Boeing Co. and labor unions are a couple of hot business topics in South Carolina.
Presidential hopeful Donald Trump has broached both while campaigning in the Palmetto State this week, while also throwing China into the mix.
The Republican candidate made the bold if improbable prediction that Boeing, one of South Carolina’s biggest manufacturers, could shift all of its plane-making operations to China in short order unless he’s elected as the nation’s chief executive. The company builds the 787 Dreamliner in North Charleston and employs more than 7,500 workers in the region.
“Everyone loves Boeing today, but talk to me about Boeing in five years — unless I’m elected president, then you’ll be OK,” Trump said during a rally in Colleton County on Wednesday.
This week, China’s Okay Airways signed a commitment to buy 12 Boeing jets for $1.3 billion. Trump cited a larger deal from September, when Boeing announced that Chinese companies will buy 300 of its jets. On the same day, the aerospace giant said it will invest in a finishing plant in China for U.S.-made 737 planes under a plan to strengthen business ties with the world’s second-largest economy.
“Boeing just got a huge order from China, but in placing that order, China insisted that Boeing build a huge assembly facility there,” Trump said during the Walterboro stop. “So what’s going to happen is, the Chinese are going to devaluate the hell out of their currency, and force Boeing to move its assembly operations there.”
Trump hit on the subject again Thursday while in North Charleston, not far from the Boeing campus.
“It will be cheaper to build in China,” he said. “Then all of a sudden your Boeing plant in this area will be gone, and we don’t want that to happen. And a politician will never be able to stop it. Because they’re all talk and no action. They don’t have a clue.”
Boeing declined to comment directly on Trump’s remarks, but it reinforced its commitment to South Carolina, its workforce and the local community. It noted that it has invested more than $2 billion in the state since 2009, suggesting it isn’t likely to walk away from that.
North Charleston Mayor Keith Summey, who endorsed Trump on Thursday, said Boeing’s China expansion points to a bigger issue for U.S. businesses that want to break into that market.
“I think in seeing that Boeing is opening up in China, I think that pressure that they are having to give in to is a danger to all industries in this country,” he said.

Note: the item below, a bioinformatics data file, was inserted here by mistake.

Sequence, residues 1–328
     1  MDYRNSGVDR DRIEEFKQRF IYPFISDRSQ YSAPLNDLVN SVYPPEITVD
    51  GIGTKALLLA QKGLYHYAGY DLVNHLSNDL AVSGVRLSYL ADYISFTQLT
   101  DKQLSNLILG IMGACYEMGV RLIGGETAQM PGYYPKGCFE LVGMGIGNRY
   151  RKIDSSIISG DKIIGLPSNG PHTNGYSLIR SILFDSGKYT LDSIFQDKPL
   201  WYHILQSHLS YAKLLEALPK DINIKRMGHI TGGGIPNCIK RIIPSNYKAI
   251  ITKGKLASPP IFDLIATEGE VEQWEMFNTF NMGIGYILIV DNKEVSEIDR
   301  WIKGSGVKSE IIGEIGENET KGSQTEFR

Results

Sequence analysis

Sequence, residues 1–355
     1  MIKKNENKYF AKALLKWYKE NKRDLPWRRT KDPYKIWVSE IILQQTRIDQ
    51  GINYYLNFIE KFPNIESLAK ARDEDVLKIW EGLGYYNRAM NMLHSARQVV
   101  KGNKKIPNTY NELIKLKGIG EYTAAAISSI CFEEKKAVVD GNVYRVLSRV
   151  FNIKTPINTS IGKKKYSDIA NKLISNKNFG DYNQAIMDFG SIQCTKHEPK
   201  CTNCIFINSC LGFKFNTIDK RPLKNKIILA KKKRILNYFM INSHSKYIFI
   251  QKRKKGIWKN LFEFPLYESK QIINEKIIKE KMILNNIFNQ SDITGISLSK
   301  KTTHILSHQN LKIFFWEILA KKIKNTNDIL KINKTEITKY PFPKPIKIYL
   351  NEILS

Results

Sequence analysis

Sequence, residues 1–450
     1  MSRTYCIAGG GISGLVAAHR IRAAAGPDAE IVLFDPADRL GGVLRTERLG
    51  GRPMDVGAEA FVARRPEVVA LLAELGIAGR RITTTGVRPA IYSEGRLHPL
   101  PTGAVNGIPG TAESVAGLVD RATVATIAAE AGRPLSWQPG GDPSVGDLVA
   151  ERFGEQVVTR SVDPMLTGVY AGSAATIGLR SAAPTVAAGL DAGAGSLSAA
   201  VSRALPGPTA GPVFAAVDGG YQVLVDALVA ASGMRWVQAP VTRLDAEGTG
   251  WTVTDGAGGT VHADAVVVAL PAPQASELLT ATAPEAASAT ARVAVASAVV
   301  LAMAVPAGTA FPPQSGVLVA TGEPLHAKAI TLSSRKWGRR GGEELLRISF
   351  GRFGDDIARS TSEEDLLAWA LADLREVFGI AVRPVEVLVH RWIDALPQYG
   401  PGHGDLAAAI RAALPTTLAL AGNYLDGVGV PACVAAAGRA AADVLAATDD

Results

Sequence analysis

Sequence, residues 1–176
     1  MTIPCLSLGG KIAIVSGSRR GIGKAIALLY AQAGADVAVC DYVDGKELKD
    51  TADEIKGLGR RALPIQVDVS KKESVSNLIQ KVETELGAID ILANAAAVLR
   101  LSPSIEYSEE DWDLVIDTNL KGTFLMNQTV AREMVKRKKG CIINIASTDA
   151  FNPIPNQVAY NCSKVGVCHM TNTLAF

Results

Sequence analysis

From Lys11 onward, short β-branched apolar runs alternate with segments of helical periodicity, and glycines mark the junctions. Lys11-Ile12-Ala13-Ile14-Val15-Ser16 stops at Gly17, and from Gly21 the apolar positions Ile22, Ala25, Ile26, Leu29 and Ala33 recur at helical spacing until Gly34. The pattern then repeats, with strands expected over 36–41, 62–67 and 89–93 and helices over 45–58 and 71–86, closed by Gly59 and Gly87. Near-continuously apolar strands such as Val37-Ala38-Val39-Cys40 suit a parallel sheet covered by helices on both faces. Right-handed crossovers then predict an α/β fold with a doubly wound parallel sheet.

But Summey also doesn’t believe his city’s largest employer would pack its bags for China in five years.
“I think Boeing will be here, and I think we’ll take the stands that we have to, to make that happen,” he said.
Summey’s son, Charleston County Council Chairman Elliot Summey, who supports Marco Rubio for president, isn’t concerned when it comes to Boeing.
“I am not worried in the least bit about our Boeing facility,” he said.
The Charleston Metro Chamber of Commerce said it does not comment on any presidential candidates’ comments or campaigns.
Trump also broke ranks somewhat with the state’s GOP and business establishment, which are fiercely opposed to organized labor. He told the S.C. Radio Network that he likes “right-to-work” laws enacted by South Carolina and some other states, meaning workers can’t be forced to join a union as a condition of employment.
“My position on right to work is 100 percent. What they did with you and Boeing making it so tough, we almost lost Boeing over it. It was horrible,” he told the broadcaster, referring to a 2011 legal battle between Boeing and its Machinists union over the North Charleston 787 plant.
But Trump also told the network he “can live with unions in certain locations.” He specifically mentioned the Northeast, where as a real estate developer he had to work with organized labor on projects. He also said he has strong support from rank-and-file union employees.
Frank Larkin, spokesman for the International Association of Machinists and Aerospace Workers, which has been working to unionize the local Boeing factory, said the right to organize “is protected equally in every state, with no exceptions or exclusions.”
Boeing declined to directly address Trump’s union comments.
Ted Pitts, president of the Columbia-based S.C. Chamber of Commerce, called unions “one of the largest threats to jobs in South Carolina, and our businesses want a president who understands that.”
Schuyler Kropf, David Wren and Paul Bowers of The Post and Courier contributed to this report.